The sequester, a set of massive budget cuts required by the ongoing debt ceiling deal, will slash billions from Medicare, education, and other programs that benefit our society’s neediest if it goes through. That's bad news if you care about those people. But there's also something to like about it: the largest share of the cuts would come from the military.
What would it look like if we created a national program to train laid-off employees of the military for work in other industries?
Many of us have been calling for such cuts for decades, and we should celebrate the possibility of finally getting what we’ve been asking for—even if it comes as the result of Republican demands for austerity. But we should also stand with those who will lose their jobs as a result of defense-budget cuts.
One of the best ways to do that is to demand that those who are laid off receive training that prepares them for future employment. What would it look like if we created a national program to train laid-off employees of the military and its contractors for work in other industries? Such a project would require us do more than offer vague promises about a comeback in Detroit, and offer a plan based around an industry that’s truly positioned to grow.
The good news is many who work for the military and its contractors have advanced technical skills. By transitioning them into another kind of work, we could stake out a place for ourselves in areas where we’re falling behind, like sustainable agriculture, renewable energy, and public transportation.
What's more, we could also avoid some of pitfalls of the past.
How deindustrialization helped create modern poverty
History shows that, without effective retraining, workers often remain unemployed or underemployed for a long time when their sectors take a hit.
Sometimes the effects of layoffs are felt for generations, as in the case of deindustrialization. Throughout the first half of the twentieth century, the number of employees in manufacturing rose steadily, bringing union jobs and middle-class prosperity to places like Detroit, Pittsburgh, and Cleveland. Unlike jobs in most other sectors, these positions were open to workers diverse in race, education, and class. One in four African-Americans had a manufacturing job in 1979. By 2008, that number was down to one in 10, according to the Center for Economic and Policy Research .
1979 was also the year with the most manufacturing jobs overall: about 23 million, according to the Bureau of Labor Statistics. That number has declined ever since, dropping to about 14 million in 2012. The decline starts much earlier, however, if you look at manufacturing jobs as a percentage of total employment, in which case the peak came in 1953. Again, it’s downhill after that—although recent growth among smaller manufacturers is a bright spot.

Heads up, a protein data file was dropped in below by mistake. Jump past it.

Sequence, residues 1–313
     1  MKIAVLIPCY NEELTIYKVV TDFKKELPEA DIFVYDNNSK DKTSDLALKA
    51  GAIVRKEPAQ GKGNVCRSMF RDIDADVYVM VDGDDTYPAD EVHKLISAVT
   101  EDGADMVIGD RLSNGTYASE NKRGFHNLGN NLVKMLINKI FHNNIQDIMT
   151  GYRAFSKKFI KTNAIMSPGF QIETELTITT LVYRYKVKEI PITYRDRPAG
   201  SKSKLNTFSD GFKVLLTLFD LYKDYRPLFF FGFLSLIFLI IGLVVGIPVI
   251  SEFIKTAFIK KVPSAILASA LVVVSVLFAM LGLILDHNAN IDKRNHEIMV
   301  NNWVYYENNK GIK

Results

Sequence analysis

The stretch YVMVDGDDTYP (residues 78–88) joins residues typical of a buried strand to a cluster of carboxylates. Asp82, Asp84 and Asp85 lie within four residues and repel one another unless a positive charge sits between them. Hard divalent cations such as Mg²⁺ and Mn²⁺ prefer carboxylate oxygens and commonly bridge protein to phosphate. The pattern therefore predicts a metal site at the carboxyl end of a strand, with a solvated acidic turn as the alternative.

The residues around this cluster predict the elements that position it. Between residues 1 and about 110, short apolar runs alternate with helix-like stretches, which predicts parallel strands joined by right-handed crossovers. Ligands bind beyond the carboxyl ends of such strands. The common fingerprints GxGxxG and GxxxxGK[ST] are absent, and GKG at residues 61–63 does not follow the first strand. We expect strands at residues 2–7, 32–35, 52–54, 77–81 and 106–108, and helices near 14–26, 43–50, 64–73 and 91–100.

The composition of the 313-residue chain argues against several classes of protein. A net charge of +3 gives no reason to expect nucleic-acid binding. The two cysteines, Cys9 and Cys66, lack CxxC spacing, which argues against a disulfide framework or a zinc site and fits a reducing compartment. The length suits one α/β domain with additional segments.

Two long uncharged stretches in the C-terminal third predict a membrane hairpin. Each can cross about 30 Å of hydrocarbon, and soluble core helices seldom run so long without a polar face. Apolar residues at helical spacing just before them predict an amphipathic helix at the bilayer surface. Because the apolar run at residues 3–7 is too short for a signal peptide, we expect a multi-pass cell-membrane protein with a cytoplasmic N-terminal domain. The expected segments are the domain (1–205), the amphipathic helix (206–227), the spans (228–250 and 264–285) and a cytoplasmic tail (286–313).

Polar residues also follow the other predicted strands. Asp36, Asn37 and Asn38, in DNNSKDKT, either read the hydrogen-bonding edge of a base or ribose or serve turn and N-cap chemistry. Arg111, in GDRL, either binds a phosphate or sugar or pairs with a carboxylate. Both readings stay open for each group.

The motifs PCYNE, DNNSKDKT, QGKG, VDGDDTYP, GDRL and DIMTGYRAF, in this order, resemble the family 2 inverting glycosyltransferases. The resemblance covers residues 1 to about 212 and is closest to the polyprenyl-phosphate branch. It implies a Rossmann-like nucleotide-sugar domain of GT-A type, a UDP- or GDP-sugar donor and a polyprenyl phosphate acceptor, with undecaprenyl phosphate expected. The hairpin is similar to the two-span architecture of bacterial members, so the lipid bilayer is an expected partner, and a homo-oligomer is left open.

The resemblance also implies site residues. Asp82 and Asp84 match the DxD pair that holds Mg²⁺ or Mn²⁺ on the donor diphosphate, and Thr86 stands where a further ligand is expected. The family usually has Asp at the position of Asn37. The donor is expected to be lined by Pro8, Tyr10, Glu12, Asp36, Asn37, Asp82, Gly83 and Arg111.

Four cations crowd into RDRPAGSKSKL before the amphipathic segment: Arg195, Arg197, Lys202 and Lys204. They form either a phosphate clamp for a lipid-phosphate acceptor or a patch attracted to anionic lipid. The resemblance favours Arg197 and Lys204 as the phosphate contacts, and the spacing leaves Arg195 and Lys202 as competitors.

The roughly 9 million jobs lost in this sector played a major role in the creation of modern poverty. Sociologist William Julius Wilson has written that deindustrialization was a key factor in the impoverishment of blacks in northern cities. The National Coalition for the Homeless lists among the leading causes of homelessness “eroding work opportunities,” such as deindustrialization. Anthropologist Philippe Bourgois, who worked for decades among drug dealers and heroin addicts on the streets of San Francisco and New York City, has described the trade in illegal drugs as a sort of DIY employment program for deindustrialization’s urban victims.
What could a smoother transition look like?
Perhaps we could have spared ourselves some of this suffering if our government—which actively encouraged deindustrialization through its so-called “free trade” policies—had taken steps to help manufacturing workers get into other kinds of work, such as the building and repairing of infrastructure, or the creation of public transportation.
Let’s not pretend that people laid off from the military will easily transition into other kinds of employment without help.
Any sector of the economy that had a need for medium-skilled workers and was predicted to grow instead of shrink could have been considered. Perhaps, in the course of seeking projects big enough to provide so many jobs, the political will could have been found for long-needed projects such as a high-speed passenger train system.
The benefit to the economy and happiness of our society could have been significant. Millions of families would have spared the trauma and disruption of unemployment. Whole cities and regions could have been spared at least a portion of their long decline. Without a class of semi-permanent unemployed people concentrated in cities, many of our most serious social problems—including homelessness, addiction, and the enormous prison population—would likely be less severe.
This history doesn’t mean we should call any less strongly for cuts to the military budget. As Miriam Pemberton of Foreign Policy in Focus has pointed out, using very conservative numbers, we spend as much on defense as the next 14 countries put together. This benefits weapons manufacturers, takes money away from education and health care, and often results in innocent people being hurt and killed.
We’d all be better off if we could begin transitioning a portion of those who depend on the military for their income into fields like renewable energy, public transportation, and education, where we desperately need to make strides.
On the other hand, let’s not pretend that people laid off from the military will easily transition into other kinds of employment without help. There are a number of fields that must grow as climate change continues to accelerate. With proper training, former employees of the military and its contractors could have their choice of work, in fields that would make the country more prosperous, peaceful, and competitive.
What we need to do now is open the door and invite them in.
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